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  1. I'm writing to hopefully get some insight, see if anyone had problems they assumed were WD, but turned out to be something else that once addressed led to noticeable improvement, and see if anyone has symptoms not shared by most others here (i.e. my insane hunger/destroyed cues). Even if you don't read this whole post (long, sorry) answering 2 or 3 would be great! Long story short, I was recovering from anorexia when put on Celexa. My body was unstable then, and the drugs made it worse. A month in I had increased hunger, looser bowel movements, insomnia, etc. Slowly I developed food sensitivities, dairy first, then gluten, and now it seems a whole host of things. Recently went to a gastro, was diagnosed with sibo. Took xifaxan for 2 weeks, saw some really good improvement the first week, then worsened the 2nd. Back to where I started before the antibiotic by now. I'm struggling to determine if the sibo is what has actually caused my food sensitivities, leaky gut, increased hunger, weight gain (really driving me crazy, especially since I worked so hard to gain weight/stay stable after anorexia), etc. or if my gut is just messed up b/c of the meds and sibo is a result, reinforcing the above issues. Part of me doesn't think it's entirely WD, since I don't see many people here with the problems I'm facing. But hunger, etc. problems got to be the worst both times I tapered before, slowly evening out to my state now (not driving me suicidal) which makes me think the sibo/issues are tied to WD (also since the sibo problems seemed to come back immediately after the antibiotic). I'm going crazy trying to figure everything out (between anorexia recovery, celexa side effects, and now WD, I don't know what 'stability' is). Keep messing around with my diet in the meantime, with little success. moderator note: SIBO = small intestine bacterial overgrowth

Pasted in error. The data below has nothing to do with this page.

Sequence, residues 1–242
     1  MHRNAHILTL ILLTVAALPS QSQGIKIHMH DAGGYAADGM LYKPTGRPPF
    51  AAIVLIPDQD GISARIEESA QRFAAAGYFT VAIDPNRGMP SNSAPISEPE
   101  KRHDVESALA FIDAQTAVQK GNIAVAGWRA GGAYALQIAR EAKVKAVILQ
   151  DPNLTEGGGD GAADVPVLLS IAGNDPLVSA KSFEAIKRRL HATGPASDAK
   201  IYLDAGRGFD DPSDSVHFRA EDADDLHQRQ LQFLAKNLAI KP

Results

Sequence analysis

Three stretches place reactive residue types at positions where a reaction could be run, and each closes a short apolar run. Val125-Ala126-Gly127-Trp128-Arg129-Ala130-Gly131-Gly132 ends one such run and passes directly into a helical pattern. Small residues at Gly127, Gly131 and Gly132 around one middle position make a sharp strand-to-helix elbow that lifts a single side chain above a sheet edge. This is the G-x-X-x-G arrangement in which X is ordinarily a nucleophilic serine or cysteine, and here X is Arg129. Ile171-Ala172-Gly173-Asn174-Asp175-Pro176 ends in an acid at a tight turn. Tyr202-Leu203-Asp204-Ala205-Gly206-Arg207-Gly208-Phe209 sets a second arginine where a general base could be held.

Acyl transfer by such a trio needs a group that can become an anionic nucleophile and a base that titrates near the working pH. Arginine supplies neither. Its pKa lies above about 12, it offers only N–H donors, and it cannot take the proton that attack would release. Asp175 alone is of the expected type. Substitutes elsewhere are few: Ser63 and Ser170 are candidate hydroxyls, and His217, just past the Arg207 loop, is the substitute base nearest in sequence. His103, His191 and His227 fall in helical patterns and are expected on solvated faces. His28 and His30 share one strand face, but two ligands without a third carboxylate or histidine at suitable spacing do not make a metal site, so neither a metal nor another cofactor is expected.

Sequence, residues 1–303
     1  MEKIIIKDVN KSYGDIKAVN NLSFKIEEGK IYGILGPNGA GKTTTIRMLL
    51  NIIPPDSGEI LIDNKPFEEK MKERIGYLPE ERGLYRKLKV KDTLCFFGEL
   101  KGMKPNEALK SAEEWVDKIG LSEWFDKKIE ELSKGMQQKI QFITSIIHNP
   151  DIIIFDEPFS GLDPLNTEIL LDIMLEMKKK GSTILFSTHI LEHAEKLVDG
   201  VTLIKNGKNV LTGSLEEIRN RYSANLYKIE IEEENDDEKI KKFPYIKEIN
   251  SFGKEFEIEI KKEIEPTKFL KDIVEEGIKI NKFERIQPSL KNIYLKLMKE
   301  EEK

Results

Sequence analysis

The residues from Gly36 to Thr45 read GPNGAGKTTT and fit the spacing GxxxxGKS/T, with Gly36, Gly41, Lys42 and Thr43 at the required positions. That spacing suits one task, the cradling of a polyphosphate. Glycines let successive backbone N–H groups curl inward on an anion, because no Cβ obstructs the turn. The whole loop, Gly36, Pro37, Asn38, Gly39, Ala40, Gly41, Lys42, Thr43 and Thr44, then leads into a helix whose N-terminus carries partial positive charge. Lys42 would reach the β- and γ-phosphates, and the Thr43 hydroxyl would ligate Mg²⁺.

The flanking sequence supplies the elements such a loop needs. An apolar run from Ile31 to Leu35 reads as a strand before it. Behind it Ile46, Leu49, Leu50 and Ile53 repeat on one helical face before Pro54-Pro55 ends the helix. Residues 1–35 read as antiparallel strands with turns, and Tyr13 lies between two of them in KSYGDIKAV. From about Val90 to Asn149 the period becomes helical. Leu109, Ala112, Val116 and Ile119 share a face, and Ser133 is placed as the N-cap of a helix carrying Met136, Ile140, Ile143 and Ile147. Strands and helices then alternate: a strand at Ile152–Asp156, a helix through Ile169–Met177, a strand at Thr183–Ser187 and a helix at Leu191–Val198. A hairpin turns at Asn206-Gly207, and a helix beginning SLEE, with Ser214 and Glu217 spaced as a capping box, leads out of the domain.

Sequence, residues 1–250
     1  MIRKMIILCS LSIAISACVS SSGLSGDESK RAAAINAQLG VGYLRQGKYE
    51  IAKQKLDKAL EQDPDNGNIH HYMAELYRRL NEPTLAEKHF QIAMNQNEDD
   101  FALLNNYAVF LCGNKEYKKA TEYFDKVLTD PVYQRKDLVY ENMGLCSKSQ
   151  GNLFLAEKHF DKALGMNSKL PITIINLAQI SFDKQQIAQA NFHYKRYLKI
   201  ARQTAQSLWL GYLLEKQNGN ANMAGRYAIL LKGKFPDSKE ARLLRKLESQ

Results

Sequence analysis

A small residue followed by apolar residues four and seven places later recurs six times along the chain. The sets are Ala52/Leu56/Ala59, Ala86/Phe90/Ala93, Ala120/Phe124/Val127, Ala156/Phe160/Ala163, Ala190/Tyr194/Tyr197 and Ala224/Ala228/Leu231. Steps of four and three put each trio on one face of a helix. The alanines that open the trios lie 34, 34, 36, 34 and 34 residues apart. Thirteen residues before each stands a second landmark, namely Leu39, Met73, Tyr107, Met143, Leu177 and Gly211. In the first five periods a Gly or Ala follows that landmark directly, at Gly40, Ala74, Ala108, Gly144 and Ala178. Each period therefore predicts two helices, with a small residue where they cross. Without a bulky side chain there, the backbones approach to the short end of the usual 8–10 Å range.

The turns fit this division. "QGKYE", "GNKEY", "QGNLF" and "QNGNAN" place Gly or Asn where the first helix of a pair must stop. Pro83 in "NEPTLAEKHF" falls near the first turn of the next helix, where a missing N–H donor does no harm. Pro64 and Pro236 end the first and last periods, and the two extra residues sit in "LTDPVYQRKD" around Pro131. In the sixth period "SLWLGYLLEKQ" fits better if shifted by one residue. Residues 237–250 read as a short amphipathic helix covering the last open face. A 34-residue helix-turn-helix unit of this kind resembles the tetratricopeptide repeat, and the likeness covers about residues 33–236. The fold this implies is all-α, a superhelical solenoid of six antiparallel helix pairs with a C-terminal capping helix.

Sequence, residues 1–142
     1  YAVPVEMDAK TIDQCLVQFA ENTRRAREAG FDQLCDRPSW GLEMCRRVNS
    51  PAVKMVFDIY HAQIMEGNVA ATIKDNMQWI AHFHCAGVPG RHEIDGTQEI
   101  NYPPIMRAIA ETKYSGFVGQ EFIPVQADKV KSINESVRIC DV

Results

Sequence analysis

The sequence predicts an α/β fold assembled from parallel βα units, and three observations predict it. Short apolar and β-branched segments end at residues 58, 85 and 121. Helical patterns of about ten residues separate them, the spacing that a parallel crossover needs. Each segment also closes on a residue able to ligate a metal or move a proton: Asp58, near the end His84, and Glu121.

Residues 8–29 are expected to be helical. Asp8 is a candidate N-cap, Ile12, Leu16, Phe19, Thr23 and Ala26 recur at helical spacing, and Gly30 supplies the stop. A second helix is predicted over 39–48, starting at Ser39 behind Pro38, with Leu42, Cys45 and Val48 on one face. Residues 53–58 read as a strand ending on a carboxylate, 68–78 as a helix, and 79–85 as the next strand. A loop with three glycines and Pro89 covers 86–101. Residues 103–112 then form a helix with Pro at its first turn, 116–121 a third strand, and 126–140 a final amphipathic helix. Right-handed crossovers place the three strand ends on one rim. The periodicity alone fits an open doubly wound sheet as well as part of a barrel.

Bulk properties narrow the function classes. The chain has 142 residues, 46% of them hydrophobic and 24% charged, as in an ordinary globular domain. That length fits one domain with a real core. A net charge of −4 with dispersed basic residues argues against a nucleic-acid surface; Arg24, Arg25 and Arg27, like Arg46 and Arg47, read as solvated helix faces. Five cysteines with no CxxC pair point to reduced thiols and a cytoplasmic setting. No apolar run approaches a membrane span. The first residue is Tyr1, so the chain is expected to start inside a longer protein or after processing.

2. Original post here: I originally wrote a detailed update on my situation, which is below, but I realize this may not be helpful for some people so here's a list of a few things I've learned in the 20 months since my last post. My memory is shot, and I really haven't read much online in over a year so some of this may be redundant or common knowledge. -There are few things more demoralizing in this process than having a doctor, especially a psychiatrist, dispute or discount the claims and suffering of protracted withdrawal syndrome. I've seen a ton of doctors, most were compassionate but ignorant, and a couple were comically awful; a couple psychiatrists were interested in increasing reports about the issue but said my (our) situation was exceedingly rare. It's also demoralizing to continue to see such widespread ignorance on this issue. At some point you just have to cut your losses and realize that doctors can't help, and most just make it worse by misdiagnosing and prescribing ill-advised medication. (Side note: I candidly talked to 6 General Practitioners if they would look at regular Benzo use if a patient presented with a number of obvious side-effects many of us have experienced from such use, and they all said in one way or another that it wouldn't really be on their radar. This is just mind-boggling and beyond frustrating.) -A neurologist and a neuro-oriented GI both told me independently that protracted withdrawal syndrome makes complete sense after discontinuing psych meds after long-term use and is likely a type of nerve dysfunction (they both wouldn't use damage per se). They both said that this issue is analogous to and has been identified in studies of post-viral patients or people overcoming other ailments, and both referenced a 1 to 2 year timeline where most healing of the nervous system takes place. This is interesting not only in the consistency of their claims, but also because this timeline seems to apply to most people suffering from protracted withdrawal although I know for many people it may take much longer. Also it probably goes without saying that this timeline wouldn't necessary apply until after complete discontinuation. The neurologist also specifically used "Autonomic Nervous System Dysfunction" as the underlying cause for or more formal designation of this syndrome, and also hypothesized that people who suffer from severe protracted withdrawal may have had some pre-existing dysfunction. -My situation has also followed the windows and waves pattern, although it's often hard to see it because many of the windows also include significant suffering, which speaks to how severe the waves are. -For me, the weekly micro-taper followed by the occasional several week hold seemed to introduce far more instability than the 5-10% drop per month. The 10% drop was also way too high for me, unfortunately. -Compounding pharmacies can be very helpful, but can be expensive and often can't produce the very small doses we typically need. I'm fortunate that Effexor XR has small beads that can be counted. In my research and experience using milligram scales, unless you are going to drop $1,000+ on a lab-grade scale, I would highly discourage using a scale versus counting beads. Count the beads on a flat, dark table, and scrape the beads off the table into a small funnel that fits into a capsule. The funnel is imperative and reduces like 90% of the time relative to tweezing each individual bead into the capsule. -Make sure that your medication is always coming from the same manufacturer. Your doctor and pharmacist should be able to help with this. I also use generic Effexor (Venlafaxine) which costs like $30 for a 90-day supply. I spoke to my doctor about my concerns, which currently because of my insane anxiety also includes worrying about medication shortages, and stocked up on a 2-year supply (relative to the # of beads I currently need). -I now experience withdrawal-like symptoms and possibly a wave even after a few days of OTC meds like NyQuil, antihistamines, laxatives, etc. I seem to tolerate 1-2 drinks 1-2x/week during windows, but anything more will cause issues. Drinking during a wave always makes my suffering so much worse. -As someone who was incredibly active before this debacle, I have caused waves so many times by overdoing it during the windows. If you're feeling good, go for a meditative walk, but take it easy. Also any type of severe stress for me is an immediate "Do not pass go, do not collect $200, go straight to the wave." The connection is amazing. Before I went on a leave, I would be in a window, experience an acute work stressor, and within 24 hours I would be in a wave that would last weeks. Seriously, it happened like clockwork every time. -Every single medical, "alternative" or nutritional intervention I have tried either made things worse (majority) or did nothing to help. This seems to be most people's experience, although I know fish oil and magnesium is popular, both of which seemed to cause harm in me. If you start something I would highly recommend doing it one at a time and wait weeks before introducing a new variable. -I kept a detailed daily symptom and note chart for over a year. In the end this was ineffective for me. Trends were almost always unidentifiable, and going back to review all of the symptoms and pain ended up being a net negative. I transitioned to a gratitude journal where I can focus on the positive and refer back to when I'm having a wave. Each time I have a wave I just know it'll never get better, so being able to see all the times it did get better is somewhat helpful. -Other things that have marginally helped have been mindfulness, self-CBT, practicing acceptance, and walking everyday during windows. I could see religious faith or strong spirituality being very helpful; the former is not an option and I'm always in search of the latter. -Finally, my main debilitating symptoms are gut related, akathisia and insomnia. However, the number, strangeness and severity of my other symptoms is just staggering. Here's a quick list in general order of severity/frequency for the collective record: flu-like symptoms and extreme fatigue, cognitive difficulties and memory issues, joint pain, urinary retention and frequent nighttime urination (like 12x/night sometimes), blood sugar-like crashes at ever-varying times of the day, several frightening episodes of vasovagal syncope, eczema, frequent night sweats (like having to change clothes type of sweating), daytime excessive sweating, pins and needles, blurry vision, I developed gingivitis despite good oral hygiene, I developed a yeast infection (rare for men); also not to mention the rage, dysphoria, agitated depression, suicidal depression, crippling anxiety and crushing impending doom. Despite all of this, I have completed over $10K in doctor's visits and tests within 2 years (not all out of pocket); and according to the litany of results, I am an otherwise healthy 30-something year old :S ------------------------------------------------ I haven't posted since May 2018 and lurked for months after, but haven't checked back in about a year. This site has been an invaluable resource, particularly during my initial trauma. Had I not known everything presented by Altostrata and the rest of you warriors, oh man I just don't know, it would have been far far worse. I will say that the continued use of these online forums eventually became a double-edged sword for me, offering equal parts hope and despair. There's just so much suffering here, and while I feel less alone, I just hurt so much for everyone here and it tends to weaken what little optimism I have in my own situation. However, I thought a comprehensive update was in order for my own therapeutic needs, as well as to maybe provide some useful information for others. As I previously indicated, I tapered off of 37.5mg Effexor XR over 45 days in 2018 and developed severe akathisia two weeks after discontinuation. I reinstated to 24 mg after a week of abject hell, and also started taking low-dose Klonopin again as a much needed bandaid after being off of benzos for over a year. I'm not sure the causation/correlation, but the severe akathisia diminished over the course of the next few weeks, transitioning into moderate akathisia and severe bloating, distention, tightness and gut hypersensitivity. Most of the gut issues and other new symptoms presented a day within reinstating through. Obviously a kindling effect. Subsequently, the more severe my gut symptoms, the worse my akathisia, although it's never been as bad as it was prior to reinstating. I started micro tapering 1 Effexor bead/granule (~0.35 mg) per week, which equated to ~6% reduction per month. I continued this approach semi-regularly with occasional holds until April 2019, at which point I have held at 15 mg since. Looking back I believe 1) I should have held my original reinstatement dose of 24 mg for MUCH LONGER, and 2) a single reduction of 2-5% my previous dose per month is probably less detrimental than continued regular micro tapering. Between my reinstatement in 2018 and September 2019, I experienced severe waves and relatively brief windows, and probably little net improvement. During that time my gut issues were omnipresent, and would regularly produce akathisia and insomnia. I could have a bowel movement everyday and still experience sudden severe tightness and distention. During extreme flareups I would live for weeks at a time in my dark basement in misery I never thought possible. I would regularly go two days with no sleep followed by days of sleeping for no more than 2-3 broken hours; my gut would be so tight and uncomfortable, not pain per se, but an akathisia-like horror or hypersensitivity that would cause hours of pacing, bouts of crying and pleading, severe suicidal ideation, and two unproductive, embarrassing trips to the ER. I have spent dozens of 2am nights pacing the sidewalks outside or lying on a nearby park bench for hours with a podcast and looking at the stars, just white knuckling the torture. I would also have debilitating, sickly fatigue; hot, red, painful joints and the onset of eczema throughout my body; scary throat tightening and difficulty swallowing; and ever-rotating bouts of extreme malaise, depression, crippling anxiety and rage. I won't get into the intensity of suicidal ideation, but the cognitive dissonance between having such a strong and real urge to die, and also wanting to live with equal intensity, was/is torture. It makes it all the worse, and better, that I am happily married to an overwhelmingly supportive wife and have two wonderful boys 3.5 years and 7 months old. I'm honestly not sure if I'd still be here without my family, largely because I feel I owe it to them to hold on in the hope that one day I can be a productive father and husband. My wife has pleaded with me on a number of times that she would rather live lifetimes taking care of me in this condition than lose me to suicide. I have so much guilt because of this, and mourn the lost time with them over the last two years (plus previous 7 years while I was polydrugged into oblivion), and am constantly wondering if my kids are going to have an invalid dad who can't do anything, or worse... At any rate I would experience some windows that were not devoid of gut symptoms, but allowed me to live at maybe 65% capacity. I could mow the lawn, go on easy bike rides, play with the boys, have a drink with my wife, go to a movie, even lift light weights, etc. During this entire process, I continued to work mostly full-time; I was able to do this by working from bed or the basement at ever-varying times when my symptoms were anything but brutal. There's no doubt that the continued stress of work significantly impacted my recovery, but even though we are blessed to be financially stable, I felt like I owed it to my family to continue to bring in money, despite their protestations. During this whole time I did what many people do and sought help from a number of doctors (5 psychiatrists, 5 GPs, 1 Integrative GP, 5 GIs, 1 neurologist, 1 rheumatologist) and tests to try to solve the problem that I know now can only be solved by time. At first I was incredulous to what was actually happening; eventually I thought there may be something that could help with the gut issue. Most doctors were sympathetically clueless, a couple were accusatory and borderline abusive. There was one argumentative doctor who scolded me for going off my meds, told me that the this is what happens when I don't listen to my psychiatrist, and that my symptoms were consistent with mental illness. I'm a kind, calm person but I was so frustrated and hurt I became apoplectic and ended up dropping multiple f-bombs and was eventually seen by a kind, but unhelpful resident. The summer of 2019 I was actually feeling pretty good minus the usual gut stuff. One GI had previously suggested I get tested for small intestinal bacterial overgrowth (SIBO), which came back positive for hydrogen-dominated SIBO, even though I had no diarrhea, which now I know is exceedingly rare in this type of SIBO. The GI prescribed the antibiotic Rifaximin, which I was skeptical of and held off taking for months. At this point after 15 or so months of almost constant gut discomfort and further research, I thought it could be my savior. I was so wrong. After three days of taking it I started to experience significantly worse symptoms. My GI said this was likely a normal bacterial die-off and completely normal, and it was imperative that I take the full 2-week course. So I pushed on and it completely destroyed me. This was in August 2019 and my symptoms have gradually worsened to this day. It's like it took me to square one. A few good-intentioned but naive family members basically had an intervention with me, and told me they had made an appointment with the Mayo Clinic and would pay for travel and out of pocket medical costs. At this point I had zero hope that they would be able to help, but given my transient crippling anxiety and duration of symptoms, I can't lie and say I wasn't worried that something serious wasn't wrong with my gut (this is even after a number of previous negative tests including a CT-scan). Of course the days of tests at Mayo were all negative. The Mayo docs even scoffed at the SIBO diagnosis and said this was absolutely a false positive. (For what it's worth, the GIs I saw at Mayo also said they don't prescribe probiotics because there's not enough evidence to support their use and they can actually make many conditions worse. I thought this was really interesting.) The GIs there completely agreed and understood the connection with the pscyh drugs, and even though I was relatively regular, concluded my gut issue was likely a motility issue with visceral hypersensitivity. They prescribed daily laxatives that, go figure, made everything worse! The Miralax also caused severe depression and SI after several days of use. I tried multiple rounds of it and the same depression every time. One of the neuro GIs I saw at Mayo talked to me for about an hour, really going into my situation. He was only peripherally knowledgable about psych med discontinuation, but within his knowledge said it makes sense that some people experienced nerve dysfunction (he wouldn't call it damage) for an extended period of time, especially after using these drugs for years. He drew conclusions to relatively common and well-documented cases of nerve dysfunction in people after a severe virus or other ailment, and indicated that most of these people heal within 1 to 2 years. Also, the neurologist I saw prior to Mayo was completely in agreement about the reality of protracted discontinuation syndrome in a minority, but significant number of people. He has theorized that this is autonomic nervous system dysfunction, which I believe has been discussed on the boards, and also mentioned the parallel to other patients with nerve dysfunction who heal within 2 years or so. I finally had to take a leave of absence from work, which was the right decision but still demoralizing. And considering that I've held my Effexor dose for 11 months now, plus had this antibiotic setback 6 months ago and continue to have worsening symptoms, I'm just having a really hard time holding onto any hope. I now think my gut issue is likely comparable to "Benzo Belly", as it's known, even though it started with the discontinuation and reinstatement of Effexor, not that this provides much comfort. I've now been decimated with withdrawal or post discontinuation syndrome for over 2 years now, and greatly struggled with the effects of being polydrugged for the 7 years before. I've also lost 35 pounds of weight I couldn't afford to lose since eating almost all types of food these days seems to aggravate my gut. What a s**t-show. Of all the medical and "alternative" interventions, the literally dozens of supplements including fish oil, magnesium and various probiotics, and other attempted treatments, everything either had no affect or made things worse, sometimes significantly. The only things that have marginally helped (at times) have been distraction, mindfulness (avoiding rumination and staying present), self-CBT (countering negative thoughts), practicing acceptance, and walking/pacing. I could see religion being very helpful, but unfortunately this isn't an option for me; however, I'm not devoid of spirituality and the book When Things Fall Apart is one I recommend. What overwhelms me the most is that even if it takes another year or two to stabilize from my last trauma (the antibiotics), I'm still on 15 mg of Effexor that could also take another several years to get off of, and then I could deal with yet even more years of protracted withdrawal syndrome after that. Ah well, back to mindfulness in the face of dreadful uncertainty and chasing the ever-allusive radical acceptance. Anyway, best wishes to everyone suffering.